The directionality of the relationship between sleep-disordered breathing and heart failure is controversial.We assessed whether elevations in the obstructive or central sleep apnea index or the presence of Cheyne-Stokes breathing are associated with decompensated and/or incident heart failure.We conducted a prospective, longitudinal study of 2,865 participants derived from the Osteoporotic Fractures in Men Study, a prospective multicenter observational study of community-dwelling older men. Participants underwent baseline polysomnography and were followed for a mean 7.3 years for development of incident or decompensated heart failure. Our main exposures were the obstructive apnea-hypopnea index (AHI), central apnea index (CAI ≥5), and Cheyne-Stokes breathing. Covariates included age, race, clinic site, comorbidities, physical activity, and alcohol and tobacco use.CAI greater than or equal to five and presence of Cheyne-Stokes breathing but not obstructive AHI were significant predictors of incident heart failure (adjusted hazard ratio [HR], 1.79; 95% confidence interval [CI], 1.16-2.77 for CAI ≥5) (HR, 2.23; 95% CI, 1.45-3.43 for Cheyne-Stokes breathing). After excluding those with baseline heart failure, the incident risk of heart failure was attenuated for those with CAI greater than or equal to five (HR, 1.57; 95% CI, 0.92-2.66) but remained significantly elevated for those with Cheyne-Stokes breathing (HR, 1.90; 95% CI, 1.10-3.30).An elevated CAI/Cheyne-Stokes breathing, but not an elevated obstructive AHI, is significantly associated with increased risk of decompensated heart failure and/or development of clinical heart failure in a community-based cohort of older men.
Genetic associations of periodic limb movements of sleep in the elderly for the MrOS sleep study. - Sleep medicine
The objective of this study was to assess the relationship between single-nucleotide polymorphisms associated with restless legs syndrome and periodic limb movements of sleep in a population cohort of elderly individuals.Single-nucleotide polymorphisms previously associated with periodic limb movements of sleep or restless legs syndrome were analyzed in 2356 white male participants in the Osteoporotic Fractures in Men Sleep Study cohort. The associations between single-nucleotide polymorphisms and polysomnographically measured periodic limb movement index ≥15 were examined with logistic regression adjusted for age, ancestry markers, and periodic limb movements of sleep risk factors.Of the men in this cohort, 61% had a periodic limb movement index ≥15. Significant associations were observed between a periodic limb movement index ≥15 and the number of risk alleles for the two BTBD9 single-nucleotide polymorphisms (rs9357271[T], odds ratio [OR] = 1.38, 95% confidence interval [CI] 1.20-1.58; and rs3923809[A], OR = 1.43, 95% CI 1.26-1.63), one of the MEIS1 single-nucleotide polymorphisms (rs2300478[G], OR = 1.31, 95% CI 1.14-1.51) and the mitogen-activated protein kinase kinase 5 (MAP2K5)/Ski family transcriptional corepressor 1 (SKOR1) single-nucleotide polymorphism (rs1026732[G], OR = 1.16, 95% CI 1.02-1.31). In a multivariable model controlling for each of the two MEIS1 single-nucleotide polymorphisms, the rs6710341[A] single-nucleotide polymorphism became a significant risk allele (OR = 1.59, 95% CI 1.26-2.00).Our findings confirm an association between the BTBD9, MEIS1, and MAP2K5/SKOR1 single-nucleotide polymorphisms and periodic limb movements of sleep in an elderly cohort not selected for the presence of restless legs syndrome.Copyright © 2015 Elsevier B.V. All rights reserved.
Association of Urinary 6-Sulfatoxymelatonin (aMT6s) Levels and Objective and Subjective Sleep Measures in Older Men: The MrOS Sleep Study. - The journals of gerontology. Series A, Biological sciences and medical sciences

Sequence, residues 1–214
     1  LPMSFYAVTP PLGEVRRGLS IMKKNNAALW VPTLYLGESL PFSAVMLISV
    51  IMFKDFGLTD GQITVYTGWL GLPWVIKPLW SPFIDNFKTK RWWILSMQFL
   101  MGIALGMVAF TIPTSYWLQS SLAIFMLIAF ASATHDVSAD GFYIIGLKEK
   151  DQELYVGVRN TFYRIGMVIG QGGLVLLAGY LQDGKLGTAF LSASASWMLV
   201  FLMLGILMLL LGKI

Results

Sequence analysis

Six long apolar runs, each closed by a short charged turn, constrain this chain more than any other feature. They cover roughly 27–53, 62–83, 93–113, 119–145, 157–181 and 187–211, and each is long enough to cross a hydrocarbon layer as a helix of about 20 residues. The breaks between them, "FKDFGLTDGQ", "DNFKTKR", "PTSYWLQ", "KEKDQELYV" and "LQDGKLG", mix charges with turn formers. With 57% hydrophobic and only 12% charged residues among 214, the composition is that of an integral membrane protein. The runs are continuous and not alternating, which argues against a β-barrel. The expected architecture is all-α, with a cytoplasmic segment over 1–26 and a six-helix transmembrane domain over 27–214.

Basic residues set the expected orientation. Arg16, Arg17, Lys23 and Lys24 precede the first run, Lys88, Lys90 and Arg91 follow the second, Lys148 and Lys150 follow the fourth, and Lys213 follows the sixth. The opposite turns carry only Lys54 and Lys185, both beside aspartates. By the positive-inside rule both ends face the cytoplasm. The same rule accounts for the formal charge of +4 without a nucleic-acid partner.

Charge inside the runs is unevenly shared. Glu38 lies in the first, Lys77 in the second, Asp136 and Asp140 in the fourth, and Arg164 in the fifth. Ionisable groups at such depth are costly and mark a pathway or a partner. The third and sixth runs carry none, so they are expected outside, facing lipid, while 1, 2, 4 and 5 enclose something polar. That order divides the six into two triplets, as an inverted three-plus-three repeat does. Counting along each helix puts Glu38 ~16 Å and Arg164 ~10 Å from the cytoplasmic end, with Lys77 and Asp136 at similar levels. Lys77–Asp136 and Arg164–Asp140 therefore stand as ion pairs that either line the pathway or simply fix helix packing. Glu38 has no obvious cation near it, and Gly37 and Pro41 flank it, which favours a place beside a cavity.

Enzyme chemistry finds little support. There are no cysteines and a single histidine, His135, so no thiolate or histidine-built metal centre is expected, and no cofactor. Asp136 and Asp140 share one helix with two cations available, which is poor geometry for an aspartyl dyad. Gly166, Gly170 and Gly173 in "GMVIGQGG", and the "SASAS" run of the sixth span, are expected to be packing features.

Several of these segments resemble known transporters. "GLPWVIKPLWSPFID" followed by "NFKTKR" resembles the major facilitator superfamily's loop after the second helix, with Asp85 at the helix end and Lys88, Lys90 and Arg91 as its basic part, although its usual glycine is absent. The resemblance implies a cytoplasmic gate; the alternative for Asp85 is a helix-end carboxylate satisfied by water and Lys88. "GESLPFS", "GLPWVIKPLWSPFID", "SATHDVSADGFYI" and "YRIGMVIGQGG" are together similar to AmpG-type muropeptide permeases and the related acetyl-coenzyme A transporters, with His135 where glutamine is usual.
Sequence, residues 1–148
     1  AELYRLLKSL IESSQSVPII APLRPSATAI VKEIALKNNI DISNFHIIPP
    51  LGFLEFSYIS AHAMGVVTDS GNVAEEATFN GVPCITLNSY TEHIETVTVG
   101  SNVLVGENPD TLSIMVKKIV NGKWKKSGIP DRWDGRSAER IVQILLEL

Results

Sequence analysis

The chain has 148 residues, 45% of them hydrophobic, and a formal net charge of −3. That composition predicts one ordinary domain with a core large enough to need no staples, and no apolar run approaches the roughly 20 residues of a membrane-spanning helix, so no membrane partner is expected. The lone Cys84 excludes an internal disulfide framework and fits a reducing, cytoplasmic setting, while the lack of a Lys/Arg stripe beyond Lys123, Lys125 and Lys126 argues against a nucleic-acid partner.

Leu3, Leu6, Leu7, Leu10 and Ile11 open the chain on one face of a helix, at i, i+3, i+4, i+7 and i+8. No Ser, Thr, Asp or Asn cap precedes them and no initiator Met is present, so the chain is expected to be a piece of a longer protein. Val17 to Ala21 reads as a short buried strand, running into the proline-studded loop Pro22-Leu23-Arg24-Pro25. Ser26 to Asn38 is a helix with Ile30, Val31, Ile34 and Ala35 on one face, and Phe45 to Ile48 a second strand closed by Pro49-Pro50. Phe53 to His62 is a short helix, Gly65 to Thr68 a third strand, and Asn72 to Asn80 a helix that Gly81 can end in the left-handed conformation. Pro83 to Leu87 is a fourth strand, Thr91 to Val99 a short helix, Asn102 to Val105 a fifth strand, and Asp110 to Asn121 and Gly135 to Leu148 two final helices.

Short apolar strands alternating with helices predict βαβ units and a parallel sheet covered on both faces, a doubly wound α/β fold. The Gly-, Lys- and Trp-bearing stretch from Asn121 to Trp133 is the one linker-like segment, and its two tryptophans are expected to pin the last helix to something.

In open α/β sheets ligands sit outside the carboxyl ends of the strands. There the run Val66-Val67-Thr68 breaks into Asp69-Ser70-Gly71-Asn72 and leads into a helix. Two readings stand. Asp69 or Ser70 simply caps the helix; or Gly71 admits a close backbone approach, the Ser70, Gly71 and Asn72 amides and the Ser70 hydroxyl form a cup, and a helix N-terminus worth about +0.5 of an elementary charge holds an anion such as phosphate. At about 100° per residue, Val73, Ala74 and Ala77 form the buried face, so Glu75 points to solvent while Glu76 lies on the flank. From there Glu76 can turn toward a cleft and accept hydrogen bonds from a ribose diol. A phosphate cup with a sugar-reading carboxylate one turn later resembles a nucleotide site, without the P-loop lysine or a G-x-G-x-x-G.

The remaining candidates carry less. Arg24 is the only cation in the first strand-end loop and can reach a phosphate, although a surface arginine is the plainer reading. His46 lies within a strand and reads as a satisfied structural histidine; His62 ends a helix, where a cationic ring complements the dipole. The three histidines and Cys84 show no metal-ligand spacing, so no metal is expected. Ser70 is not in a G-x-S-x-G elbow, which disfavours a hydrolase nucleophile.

Sleep and melatonin have been associated with healthy aging. In this study, we examine the association between melatonin levels and sleep among older men.Cross-sectional study of a community-dwelling cohort of 2,821 men aged 65 years or older recruited from six U.S. centers. First morning void urine samples were collected to measure melatonin's major urinary metabolite, 6-sulfatoxymelatonin (aMT6s). We also assessed objective and subjective sleep parameters. We used logistic regression models to calculate multivariate (MV) odds ratios (ORs), and 95% confidence intervals (CIs) adjusted for important demographic variables and comorbidities.In the overall sample, the only significant finding in fully adjusted models was that aMT6s levels were inversely associated with subjectively measured daytime sleepiness (sleepiness mean score of 5.79 in the top aMT6s quartile, and 6.26 in the bottom aMT6s quartile, MV OR, 1.32; 95% CI, 0.95-1.84; p trend ≤ .02). When restricting to men without β-blocker use (a known melatonin suppressant), aMT6s levels were significantly associated with shorter sleep time, that is, less than 5 hours (MV OR, = 1.90; 95% CI, 1.21-2.99; p trend = .01), and worse sleep efficiency, that is, less than 70% (MV OR, 1.58; 95% CI, 1.28-2.65; p trend < .001). aMT6s were not associated with subjective sleep quality or respiratory disturbance in any of our analyses.Lower nocturnal melatonin levels were associated with worsened daytime sleepiness, sleep efficiency, and shorter sleep time in older men. The role of circadian interventions, and whether melatonin levels are a modifiable risk factor for poor sleep in older men, warrants further study.© The Author 2015. Published by Oxford University Press on behalf of The Gerontological Society of America. All rights reserved. For permissions, please e-mail: journals.permissions@oup.com.
β-amyloid disrupts human NREM slow waves and related hippocampus-dependent memory consolidation. - Nature neuroscience
Independent evidence associates β-amyloid pathology with both non-rapid eye movement (NREM) sleep disruption and memory impairment in older adults. However, whether the influence of β-amyloid pathology on hippocampus-dependent memory is, in part, driven by impairments of NREM slow wave activity (SWA) and associated overnight memory consolidation is unknown. Here we show that β-amyloid burden in medial prefrontal cortex (mPFC) correlates significantly with the severity of impairment in NREM SWA generation. Moreover, reduced NREM SWA generation was further associated with impaired overnight memory consolidation and impoverished hippocampal-neocortical memory transformation. Furthermore, structural equation models revealed that the association between mPFC β-amyloid pathology and impaired hippocampus-dependent memory consolidation was not direct, but instead statistically depended on the intermediary factor of diminished NREM SWA. By linking β-amyloid pathology with impaired NREM SWA, these data implicate sleep disruption as a mechanistic pathway through which β-amyloid pathology may contribute to hippocampus-dependent cognitive decline in the elderly.